It’s beginning to look a lot like we need to eat out this Christmas

By Christi Nortier 19 December 2018

The candles are lit. Someone’s prematurely pressed play, so Michael Bublé is warming up. The Christmas tree lights strobe half-heartedly. The presents look beautiful, placed so that the sloppy corners are hidden. The beef is marinated and the trifle set. Father Christmas smiles. Until the dog lifts its leg on the tree as the lights go out. It’s time to let someone else fire up the blowtorch to flambé this Christmas. It’s time to have Christmas lunch out.


It is only after years of failure that you learn to control yourself at Christmas so that you don’t gorge yourself sick (literally). It’s a food lover’s delight. It’s 24 hours of non-stop eating… if you want it to be. If you love a bite of every pie, then go for a Christmas lunch buffet.

Instead of clubbing together to get Auntie Woolies to lay out the feast for you, put it towards a seat at the Pink Lady’s lunch in the Sherwood Room at Cape Town’s Mount Nelson Hotel. This is the hotel’s original dining room. The dress code is smart and the menu is a balance between traditional fare, such as turkey, and more unusual options like roasted springbok loin with labneh.

A Christmas tree sparkles in the lounge of the Mount Nelson Hotel. Photo: Christi Nortier

If you are a bit worn out by the traditional Christmas stuffing, then consider Moyo in Durban, Johannesburg or Cape Town. Each has a unique menu and price, but the buffets are extensive countrywide. A possible plate could be Senegelese line fish, Moroccan rice, veggie smoor and samp.

After lunch, stroll across the promenade from Moyo uShaka and have a sundowner at the Moyo uShaka Pier Bar. Photo: Facebook

Christmas is special for kids, so keep them busy with baking at Café Paradiso (Tamboerskloof) or frolicking on the lawns of Franschhoek’s La Petite Ferme. Their baking project and lunch come to R100 and adults can enjoy an Italian-style Christmas lunch with the salad and pasta courses to boot. La Petite Ferme offers a home away from home meal served “family style” on the table.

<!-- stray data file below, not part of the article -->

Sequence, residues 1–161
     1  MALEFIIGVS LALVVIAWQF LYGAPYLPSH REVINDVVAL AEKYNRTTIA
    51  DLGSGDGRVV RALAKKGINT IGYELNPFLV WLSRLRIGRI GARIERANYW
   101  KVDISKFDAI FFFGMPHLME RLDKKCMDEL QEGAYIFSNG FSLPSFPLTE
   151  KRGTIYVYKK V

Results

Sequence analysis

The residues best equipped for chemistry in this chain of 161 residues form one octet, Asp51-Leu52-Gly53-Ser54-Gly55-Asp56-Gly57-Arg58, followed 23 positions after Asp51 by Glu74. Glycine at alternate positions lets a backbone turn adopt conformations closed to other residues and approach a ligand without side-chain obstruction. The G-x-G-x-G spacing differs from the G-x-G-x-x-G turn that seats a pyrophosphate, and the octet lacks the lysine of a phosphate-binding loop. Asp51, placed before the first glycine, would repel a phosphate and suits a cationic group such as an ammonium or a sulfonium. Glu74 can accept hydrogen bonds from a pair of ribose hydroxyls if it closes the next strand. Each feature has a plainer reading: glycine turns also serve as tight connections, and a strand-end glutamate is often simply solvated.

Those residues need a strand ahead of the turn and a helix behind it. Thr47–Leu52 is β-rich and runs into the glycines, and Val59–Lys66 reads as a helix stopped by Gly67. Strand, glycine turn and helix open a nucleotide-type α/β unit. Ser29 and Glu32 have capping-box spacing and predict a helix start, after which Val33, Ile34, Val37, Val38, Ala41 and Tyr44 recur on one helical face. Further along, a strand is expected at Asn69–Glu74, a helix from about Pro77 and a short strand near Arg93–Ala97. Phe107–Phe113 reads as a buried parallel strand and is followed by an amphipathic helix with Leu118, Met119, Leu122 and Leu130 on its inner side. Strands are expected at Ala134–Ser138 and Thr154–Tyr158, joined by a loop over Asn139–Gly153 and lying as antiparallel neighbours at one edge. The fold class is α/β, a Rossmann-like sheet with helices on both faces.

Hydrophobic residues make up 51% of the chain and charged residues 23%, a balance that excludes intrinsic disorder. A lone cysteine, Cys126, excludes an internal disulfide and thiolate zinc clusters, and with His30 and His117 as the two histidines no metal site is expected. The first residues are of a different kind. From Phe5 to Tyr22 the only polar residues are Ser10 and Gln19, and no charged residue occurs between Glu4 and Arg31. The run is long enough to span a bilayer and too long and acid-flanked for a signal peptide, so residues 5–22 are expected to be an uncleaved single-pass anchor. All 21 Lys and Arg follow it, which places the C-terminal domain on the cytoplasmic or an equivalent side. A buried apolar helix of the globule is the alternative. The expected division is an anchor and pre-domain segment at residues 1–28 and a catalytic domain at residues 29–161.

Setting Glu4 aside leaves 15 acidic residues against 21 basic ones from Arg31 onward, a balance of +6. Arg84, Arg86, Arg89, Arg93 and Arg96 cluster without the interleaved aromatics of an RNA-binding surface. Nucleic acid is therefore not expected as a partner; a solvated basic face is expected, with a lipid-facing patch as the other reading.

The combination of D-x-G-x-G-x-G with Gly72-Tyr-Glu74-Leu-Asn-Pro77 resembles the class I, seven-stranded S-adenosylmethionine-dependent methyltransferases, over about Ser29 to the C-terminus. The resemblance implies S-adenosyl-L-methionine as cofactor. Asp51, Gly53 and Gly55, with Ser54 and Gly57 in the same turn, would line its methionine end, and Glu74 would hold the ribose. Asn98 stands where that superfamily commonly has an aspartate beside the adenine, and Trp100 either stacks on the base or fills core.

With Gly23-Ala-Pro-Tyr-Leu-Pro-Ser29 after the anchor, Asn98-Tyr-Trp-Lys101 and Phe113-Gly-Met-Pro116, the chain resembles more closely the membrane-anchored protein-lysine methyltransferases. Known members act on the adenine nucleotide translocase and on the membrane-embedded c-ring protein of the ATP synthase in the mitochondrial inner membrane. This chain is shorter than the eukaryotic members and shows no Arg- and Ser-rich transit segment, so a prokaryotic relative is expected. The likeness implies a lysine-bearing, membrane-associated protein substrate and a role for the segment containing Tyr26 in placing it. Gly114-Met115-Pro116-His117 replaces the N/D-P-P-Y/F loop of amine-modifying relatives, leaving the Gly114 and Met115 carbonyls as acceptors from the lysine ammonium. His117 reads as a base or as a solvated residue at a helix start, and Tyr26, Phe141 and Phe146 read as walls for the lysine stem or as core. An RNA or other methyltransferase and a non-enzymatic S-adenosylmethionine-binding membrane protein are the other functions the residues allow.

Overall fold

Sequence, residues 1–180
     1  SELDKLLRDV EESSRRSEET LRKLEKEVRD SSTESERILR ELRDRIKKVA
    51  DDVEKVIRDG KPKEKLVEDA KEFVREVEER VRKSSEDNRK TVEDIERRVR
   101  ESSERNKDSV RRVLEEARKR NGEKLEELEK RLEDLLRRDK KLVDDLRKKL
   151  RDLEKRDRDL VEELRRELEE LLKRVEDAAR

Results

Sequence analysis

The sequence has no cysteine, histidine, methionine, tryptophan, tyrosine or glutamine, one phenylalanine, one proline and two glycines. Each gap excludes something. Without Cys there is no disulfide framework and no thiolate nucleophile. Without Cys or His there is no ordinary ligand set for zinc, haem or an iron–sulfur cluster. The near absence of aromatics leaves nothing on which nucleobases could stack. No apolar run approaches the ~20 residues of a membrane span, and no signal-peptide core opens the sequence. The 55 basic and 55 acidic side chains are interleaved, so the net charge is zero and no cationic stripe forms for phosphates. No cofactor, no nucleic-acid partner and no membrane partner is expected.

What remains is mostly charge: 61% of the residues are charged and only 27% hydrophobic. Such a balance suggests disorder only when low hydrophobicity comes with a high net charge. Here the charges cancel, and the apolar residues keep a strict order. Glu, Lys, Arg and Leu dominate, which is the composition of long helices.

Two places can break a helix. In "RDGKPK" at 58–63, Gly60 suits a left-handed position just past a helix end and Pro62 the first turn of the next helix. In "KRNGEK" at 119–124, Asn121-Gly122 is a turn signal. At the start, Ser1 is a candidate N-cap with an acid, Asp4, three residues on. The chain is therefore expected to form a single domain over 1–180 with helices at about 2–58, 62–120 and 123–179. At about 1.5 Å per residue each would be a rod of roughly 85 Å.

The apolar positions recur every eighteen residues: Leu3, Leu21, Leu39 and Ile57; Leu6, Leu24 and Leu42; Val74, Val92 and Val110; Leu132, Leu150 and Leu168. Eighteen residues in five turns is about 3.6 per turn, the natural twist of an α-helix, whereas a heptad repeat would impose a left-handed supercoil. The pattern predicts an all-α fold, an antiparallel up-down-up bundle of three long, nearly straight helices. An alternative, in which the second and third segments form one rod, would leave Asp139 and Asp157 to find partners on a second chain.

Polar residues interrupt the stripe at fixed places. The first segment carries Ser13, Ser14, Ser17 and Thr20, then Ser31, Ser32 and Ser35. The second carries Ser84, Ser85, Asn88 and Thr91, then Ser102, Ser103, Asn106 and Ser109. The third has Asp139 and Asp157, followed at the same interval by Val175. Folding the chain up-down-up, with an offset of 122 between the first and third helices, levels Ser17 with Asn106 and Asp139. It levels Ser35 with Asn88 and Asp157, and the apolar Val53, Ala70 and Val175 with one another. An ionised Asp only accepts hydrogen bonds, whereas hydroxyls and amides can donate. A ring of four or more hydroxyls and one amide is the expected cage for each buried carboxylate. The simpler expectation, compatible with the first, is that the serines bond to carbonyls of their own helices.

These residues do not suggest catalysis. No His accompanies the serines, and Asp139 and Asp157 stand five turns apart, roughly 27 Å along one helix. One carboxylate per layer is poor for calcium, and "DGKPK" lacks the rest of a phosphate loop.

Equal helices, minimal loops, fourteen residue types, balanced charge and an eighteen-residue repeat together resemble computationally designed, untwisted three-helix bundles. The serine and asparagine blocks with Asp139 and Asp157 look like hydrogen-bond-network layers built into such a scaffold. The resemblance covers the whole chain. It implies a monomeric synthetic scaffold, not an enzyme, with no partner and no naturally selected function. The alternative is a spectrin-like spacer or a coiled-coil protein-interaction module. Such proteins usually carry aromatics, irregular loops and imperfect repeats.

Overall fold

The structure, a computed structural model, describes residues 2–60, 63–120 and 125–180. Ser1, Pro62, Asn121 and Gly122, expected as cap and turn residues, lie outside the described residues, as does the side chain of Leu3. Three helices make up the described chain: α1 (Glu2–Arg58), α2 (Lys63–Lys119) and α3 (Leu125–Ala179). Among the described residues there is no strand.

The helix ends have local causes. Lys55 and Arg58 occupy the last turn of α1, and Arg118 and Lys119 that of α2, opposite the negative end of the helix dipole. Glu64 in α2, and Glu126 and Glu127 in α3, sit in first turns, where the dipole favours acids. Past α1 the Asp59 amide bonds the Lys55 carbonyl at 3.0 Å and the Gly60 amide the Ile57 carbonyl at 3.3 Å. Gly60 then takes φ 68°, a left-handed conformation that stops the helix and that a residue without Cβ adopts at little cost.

Café Paradiso sits behind a wall of flowers to create an intimate garden feast. Photo: Christi Nortier

La Petite Ferme boasts views of beautifully plated food and mountains. Photo: Facebook

If traditional Christmas is what you seek, look no further than Societi Bistro. Their Christmas Plate features gammon, turkey, Yorkshire pudding and potato bake swiftly followed by a fruit cake, trifle éclair “cracker” or a chocolate Father Christmas. Otherwise, there are fish dishes or their usual a la carte menu.

The Societi Bistro Christmas fruit cake is served with a ‘jug of brandy’. You be the judge of how big a jug they might mean. Photo: Facebook

In Jozi, Forti is offering an Italian Christmas feast friendly to vegetarians, pasta lovers and diehard Christmas dessert fans. If you have an aged hippy in your family, this is a good option. Picture vegetarian risotto, Parmigiana melanzane and Christmas trifle with sherry.

Fortunato Mazzone’s Forti is on the top floor of the Sun Time Square Casino. Photo: Facebook

If the mall Christmas music has had you feeling claustrophobic since June and the local Tops is closed for Christmas, then head to the Winelands for fresh air and wine on demand. Simonsvlei has plenty of room for play and a menu for kids and toddlers. It’s a seated meal of the traditional Christmas fare – there’s even tongue. Diemersdal does a fine-dining Christmas and notably features an egg nog granita palate cleanser and smoked whiskey butter. The Christmas lunch we all wish we could create.

Keep your skapies in the kraal at the [email protected] play area. Photo: Facebook

Diemersdal sets the type of table you wish you could. Photo: Facebook

For a fine-dining Christmas in Durban, book at the Chef’s Table. It is after all Eat Out’s 15th best restaurant in South Africa and their chef was the 2017 Eat Out Rising Star of the Year. If not, consider the Big Easy at the Hilton Hotel in Durban for a smart take on Christmas lunch but which keeps the traditional crackers, hats and giving of gifts.

Chef’s Table serves up a Christmas dessert. You know a place is fancy when they serve the cream in a little rugby ball shape like that. Photo: Facebook

Don’t knock into the wine cabinet when you dismember that cracker. Maybe sit on the terrace. Photo: Facebook

The candles are lit. Michael Bublé has bowed out because the power is still off. The wrapping paper has been recycled. The lamb and trifle are stored to feed the family for the next month, until the next pay day. Everyone is fed and so full of cheer that they don’t mind cleaning the tree.

Father Christmas smiles. DM


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